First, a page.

There is a huge difference between "programming" and "coding." Programming includes a whole lot of think time and different people think in different ways. I tend to do a lot of work on paper, for instance. I don't know anyone who spends 8 hours a day coding, at least not consistently and probably not even on average over any long period.
I have had binges where, once I had a sufficiently complete design, I banged out module after module for 36 hours straight attempting to meet a looming deadline. Well, in truth, I only managed 36 hours once and 16 or more hours only a small handful of times. Even those periods, which unsurprisingly didn't result in my best work, were punctuated with frequent breaks for the bathroom, munchies, caffeine, and, as I used to smoke, cigarettes.
Having had those experiences I know that I, personally, can only effectively code for long stretches if I know exactly what I need to write. If I find myself redesigning something on the fly, it's time to step away from the keyboard because I'm bound to screw it up. I have to have the task broken up into clear-cut pieces.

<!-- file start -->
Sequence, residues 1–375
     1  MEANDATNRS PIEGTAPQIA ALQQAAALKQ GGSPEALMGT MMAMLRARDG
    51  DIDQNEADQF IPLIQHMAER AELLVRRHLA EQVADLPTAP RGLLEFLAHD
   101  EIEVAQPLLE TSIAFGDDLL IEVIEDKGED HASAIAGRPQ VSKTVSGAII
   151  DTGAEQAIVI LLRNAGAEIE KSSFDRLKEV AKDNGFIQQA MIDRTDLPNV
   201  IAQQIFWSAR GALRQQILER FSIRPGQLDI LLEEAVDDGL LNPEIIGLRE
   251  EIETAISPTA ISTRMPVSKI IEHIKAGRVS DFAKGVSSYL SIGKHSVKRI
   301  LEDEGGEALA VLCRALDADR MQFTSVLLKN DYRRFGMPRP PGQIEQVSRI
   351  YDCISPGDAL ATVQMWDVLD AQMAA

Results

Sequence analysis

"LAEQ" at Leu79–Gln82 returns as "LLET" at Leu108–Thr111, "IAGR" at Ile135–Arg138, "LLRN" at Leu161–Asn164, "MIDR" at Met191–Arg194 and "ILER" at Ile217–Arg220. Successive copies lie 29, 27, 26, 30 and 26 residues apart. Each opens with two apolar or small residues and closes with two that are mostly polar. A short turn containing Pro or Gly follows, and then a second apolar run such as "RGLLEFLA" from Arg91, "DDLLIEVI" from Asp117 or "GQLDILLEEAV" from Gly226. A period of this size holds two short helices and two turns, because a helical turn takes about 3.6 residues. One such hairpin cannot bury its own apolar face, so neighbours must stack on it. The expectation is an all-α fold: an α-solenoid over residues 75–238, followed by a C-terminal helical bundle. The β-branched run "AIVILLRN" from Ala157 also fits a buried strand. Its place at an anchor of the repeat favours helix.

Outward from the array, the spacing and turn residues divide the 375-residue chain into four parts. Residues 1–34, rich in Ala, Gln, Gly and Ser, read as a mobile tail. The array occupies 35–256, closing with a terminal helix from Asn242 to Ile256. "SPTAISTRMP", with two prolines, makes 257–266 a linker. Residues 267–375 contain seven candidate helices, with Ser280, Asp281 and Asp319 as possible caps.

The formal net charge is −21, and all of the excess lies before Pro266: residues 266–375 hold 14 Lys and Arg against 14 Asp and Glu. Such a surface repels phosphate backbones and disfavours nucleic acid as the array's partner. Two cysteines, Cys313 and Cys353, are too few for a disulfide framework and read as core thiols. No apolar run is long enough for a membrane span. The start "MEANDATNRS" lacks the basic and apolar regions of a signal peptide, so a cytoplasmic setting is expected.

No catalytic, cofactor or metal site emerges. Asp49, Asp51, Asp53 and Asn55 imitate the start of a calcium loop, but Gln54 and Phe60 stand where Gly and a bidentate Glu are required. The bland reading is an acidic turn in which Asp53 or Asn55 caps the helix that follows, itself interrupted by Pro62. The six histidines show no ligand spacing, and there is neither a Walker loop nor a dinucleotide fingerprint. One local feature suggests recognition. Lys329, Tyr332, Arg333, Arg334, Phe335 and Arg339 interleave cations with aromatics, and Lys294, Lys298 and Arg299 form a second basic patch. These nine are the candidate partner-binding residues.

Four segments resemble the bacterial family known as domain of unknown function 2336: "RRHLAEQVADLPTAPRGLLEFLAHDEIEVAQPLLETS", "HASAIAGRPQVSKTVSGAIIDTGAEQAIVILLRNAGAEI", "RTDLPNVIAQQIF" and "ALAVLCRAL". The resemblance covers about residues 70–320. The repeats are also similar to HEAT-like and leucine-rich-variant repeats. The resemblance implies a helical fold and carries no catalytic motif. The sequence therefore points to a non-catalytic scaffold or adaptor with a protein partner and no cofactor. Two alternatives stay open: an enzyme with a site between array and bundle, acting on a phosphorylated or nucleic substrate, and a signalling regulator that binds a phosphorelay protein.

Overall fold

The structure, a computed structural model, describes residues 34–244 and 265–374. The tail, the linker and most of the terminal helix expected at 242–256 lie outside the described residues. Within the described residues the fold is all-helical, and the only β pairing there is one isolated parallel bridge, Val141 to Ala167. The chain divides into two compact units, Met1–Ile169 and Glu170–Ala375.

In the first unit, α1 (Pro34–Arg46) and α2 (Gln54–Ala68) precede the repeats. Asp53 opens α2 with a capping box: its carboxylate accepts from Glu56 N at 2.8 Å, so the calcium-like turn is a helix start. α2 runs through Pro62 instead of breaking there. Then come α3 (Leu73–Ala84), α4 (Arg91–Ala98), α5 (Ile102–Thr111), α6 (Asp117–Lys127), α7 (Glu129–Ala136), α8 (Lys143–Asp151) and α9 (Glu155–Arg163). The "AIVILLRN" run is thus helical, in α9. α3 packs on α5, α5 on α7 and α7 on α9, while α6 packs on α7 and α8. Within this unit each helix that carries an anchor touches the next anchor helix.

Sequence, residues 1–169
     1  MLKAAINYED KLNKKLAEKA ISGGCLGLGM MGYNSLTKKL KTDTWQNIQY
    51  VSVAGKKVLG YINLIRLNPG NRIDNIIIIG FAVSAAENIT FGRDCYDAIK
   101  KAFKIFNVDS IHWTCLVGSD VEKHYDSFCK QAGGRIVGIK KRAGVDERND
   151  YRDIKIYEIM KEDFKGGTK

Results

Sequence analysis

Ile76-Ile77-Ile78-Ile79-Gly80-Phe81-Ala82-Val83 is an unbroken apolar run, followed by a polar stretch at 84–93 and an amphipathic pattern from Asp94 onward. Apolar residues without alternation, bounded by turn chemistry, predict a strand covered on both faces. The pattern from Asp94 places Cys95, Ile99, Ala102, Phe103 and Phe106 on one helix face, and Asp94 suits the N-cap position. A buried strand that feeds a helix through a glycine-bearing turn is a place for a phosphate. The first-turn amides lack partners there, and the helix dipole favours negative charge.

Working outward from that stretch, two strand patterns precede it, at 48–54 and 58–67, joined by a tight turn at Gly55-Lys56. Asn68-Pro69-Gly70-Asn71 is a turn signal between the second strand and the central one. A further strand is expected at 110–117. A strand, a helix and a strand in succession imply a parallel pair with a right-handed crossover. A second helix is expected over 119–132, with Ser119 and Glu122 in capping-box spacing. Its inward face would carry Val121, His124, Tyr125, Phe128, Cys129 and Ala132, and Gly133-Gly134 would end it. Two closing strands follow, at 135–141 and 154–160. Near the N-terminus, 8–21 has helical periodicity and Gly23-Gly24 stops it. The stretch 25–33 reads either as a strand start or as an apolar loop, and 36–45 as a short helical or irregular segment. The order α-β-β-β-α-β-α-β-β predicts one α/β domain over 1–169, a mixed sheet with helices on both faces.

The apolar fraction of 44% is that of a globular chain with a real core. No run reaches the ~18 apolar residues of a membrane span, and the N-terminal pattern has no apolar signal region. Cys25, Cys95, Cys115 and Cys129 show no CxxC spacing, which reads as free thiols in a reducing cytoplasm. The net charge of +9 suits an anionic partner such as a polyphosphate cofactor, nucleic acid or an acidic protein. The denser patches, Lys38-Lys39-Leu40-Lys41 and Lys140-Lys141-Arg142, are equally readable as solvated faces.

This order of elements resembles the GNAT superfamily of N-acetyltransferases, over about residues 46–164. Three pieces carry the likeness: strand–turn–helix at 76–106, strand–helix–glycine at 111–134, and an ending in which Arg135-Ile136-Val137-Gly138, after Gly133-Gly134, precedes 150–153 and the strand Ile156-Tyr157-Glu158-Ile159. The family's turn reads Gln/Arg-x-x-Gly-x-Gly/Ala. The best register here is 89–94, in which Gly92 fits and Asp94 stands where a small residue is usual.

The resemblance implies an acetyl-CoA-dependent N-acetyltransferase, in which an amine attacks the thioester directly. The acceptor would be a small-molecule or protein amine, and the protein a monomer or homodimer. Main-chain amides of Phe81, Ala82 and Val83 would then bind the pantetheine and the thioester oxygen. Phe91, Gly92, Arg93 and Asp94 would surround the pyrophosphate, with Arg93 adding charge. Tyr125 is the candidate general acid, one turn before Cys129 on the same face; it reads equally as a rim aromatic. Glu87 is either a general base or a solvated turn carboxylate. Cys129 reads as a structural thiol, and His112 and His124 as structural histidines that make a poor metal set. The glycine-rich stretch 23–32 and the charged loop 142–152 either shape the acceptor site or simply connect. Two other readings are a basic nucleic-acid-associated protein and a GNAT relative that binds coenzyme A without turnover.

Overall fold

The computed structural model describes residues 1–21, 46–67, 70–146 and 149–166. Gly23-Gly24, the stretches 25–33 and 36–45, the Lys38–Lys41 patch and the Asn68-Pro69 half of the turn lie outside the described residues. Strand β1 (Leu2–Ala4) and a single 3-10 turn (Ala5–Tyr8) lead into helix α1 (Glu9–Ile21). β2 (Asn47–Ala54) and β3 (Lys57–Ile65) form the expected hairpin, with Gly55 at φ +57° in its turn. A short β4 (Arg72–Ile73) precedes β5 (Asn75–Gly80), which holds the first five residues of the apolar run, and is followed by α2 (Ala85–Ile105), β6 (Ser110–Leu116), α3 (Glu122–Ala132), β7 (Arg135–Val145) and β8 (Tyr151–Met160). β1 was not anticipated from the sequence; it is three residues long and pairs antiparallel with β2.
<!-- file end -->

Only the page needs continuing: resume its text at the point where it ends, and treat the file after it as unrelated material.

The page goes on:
These days, I tend to spend about as much time in meetings as I do "really working." I'll admit, though, that I've come to enjoy getting my eyes away from the screen and talking to people for awhile instead.
"My two cents aren't worth a dime.";
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